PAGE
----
Parents Worry More About Paying
For College Than Retirement, Survey Shows
All those reports about the rising cost of a college education appear to be having an impact on the savings patterns of American families.
A survey finds that parents with children under age 18 are more concerned about saving for their children’s educations than they are about saving for their own retirement.
The study was commissioned by The Vanguard Group mutual fund company and Upromise Investments Inc., which channels shopping rebates into educational savings accounts.
The survey found that 37 percent of the more than 1,100 parents interviewed said saving for college was of primary concern, compared with 34 percent who said retirement was their top financial concern. Most of the remaining 29 percent said saving for a house, car or other major purchase was most important.
Interestingly, more families with children under age 12 were saving for college — 64 percent — compared with families with children aged 12 to 17, where the rate was 59 percent, the study found. And 30 percent of families with younger children said grandparents and other relatives were helping them to save, compared with 25 percent of families with older children.
John C. Heywood, a principal of Vanguard’s education markets group, says he suspected parents were motivated by surging college costs.
“I believe people are recognizing the increasing costs of college and starting to save earlier,” he says.
The cost of sending children to college has been rising rapidly in recent years. According to the latest survey from the College Board, a nonprofit association based in Washington, D.C., tuition and fees at four-year private institutions rose nearly 6 percent to $21,235 for the 2005-2006 academic year from $20,045 in 2004-2005, while costs at four-year public institutions went up more than 7 percent to $5,491 from $5,126.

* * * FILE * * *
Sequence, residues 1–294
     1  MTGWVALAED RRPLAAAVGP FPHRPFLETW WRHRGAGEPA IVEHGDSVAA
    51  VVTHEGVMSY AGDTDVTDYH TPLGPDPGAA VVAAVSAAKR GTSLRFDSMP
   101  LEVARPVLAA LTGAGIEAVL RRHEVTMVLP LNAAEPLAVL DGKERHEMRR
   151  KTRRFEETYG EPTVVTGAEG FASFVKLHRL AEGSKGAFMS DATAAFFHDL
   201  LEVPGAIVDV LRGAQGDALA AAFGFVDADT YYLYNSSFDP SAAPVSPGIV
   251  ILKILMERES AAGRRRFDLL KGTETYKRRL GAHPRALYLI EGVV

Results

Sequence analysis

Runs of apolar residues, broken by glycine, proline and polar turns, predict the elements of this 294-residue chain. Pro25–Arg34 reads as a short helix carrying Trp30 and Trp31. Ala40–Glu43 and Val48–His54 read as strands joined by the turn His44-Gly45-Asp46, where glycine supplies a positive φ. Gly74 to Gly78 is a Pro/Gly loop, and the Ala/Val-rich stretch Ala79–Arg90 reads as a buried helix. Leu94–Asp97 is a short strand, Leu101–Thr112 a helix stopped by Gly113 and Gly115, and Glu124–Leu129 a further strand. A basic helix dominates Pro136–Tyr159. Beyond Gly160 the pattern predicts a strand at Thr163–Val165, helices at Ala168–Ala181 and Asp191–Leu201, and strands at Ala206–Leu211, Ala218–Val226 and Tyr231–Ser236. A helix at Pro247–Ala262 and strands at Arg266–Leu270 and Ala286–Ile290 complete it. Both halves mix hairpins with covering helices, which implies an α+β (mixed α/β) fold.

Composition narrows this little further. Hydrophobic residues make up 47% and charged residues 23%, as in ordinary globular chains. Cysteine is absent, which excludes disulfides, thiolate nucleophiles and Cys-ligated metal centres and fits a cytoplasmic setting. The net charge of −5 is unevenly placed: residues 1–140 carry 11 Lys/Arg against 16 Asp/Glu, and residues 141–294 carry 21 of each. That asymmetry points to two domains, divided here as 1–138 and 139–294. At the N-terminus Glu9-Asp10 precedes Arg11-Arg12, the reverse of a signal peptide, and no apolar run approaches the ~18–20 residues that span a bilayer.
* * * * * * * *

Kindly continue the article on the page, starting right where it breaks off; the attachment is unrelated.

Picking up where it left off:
Most financial advisers urge families to save first for their own retirement and then put money aside for their children’s education, arguing that families can borrow to fund college but not retirement. But Heywood says this often conflicts with parents’ aspirations for their children.
“People hear that and they say, ‘Too bad about retirement savings; my kids are going to college,’” he says. For young families especially, “retirement is farther off than the kids going to college, so there’s less urgency.”
The families who have started saving for their children’s college educations have set aside about $4,700 per child so far, the study found.
About four out of 10 families surveyed were familiar with the Section 529 college savings plans, which are tax-favored programs set up by states to help families save for college. Savings in 529 plans grow tax-deferred, and withdrawals are tax-free when used for education.
Vanguard manages Section 529 programs in New York, Iowa, Nevada and Colorado, and provides fund options in 14 states. Upromise can channel family contributions into 529 plans.
— Associated Press
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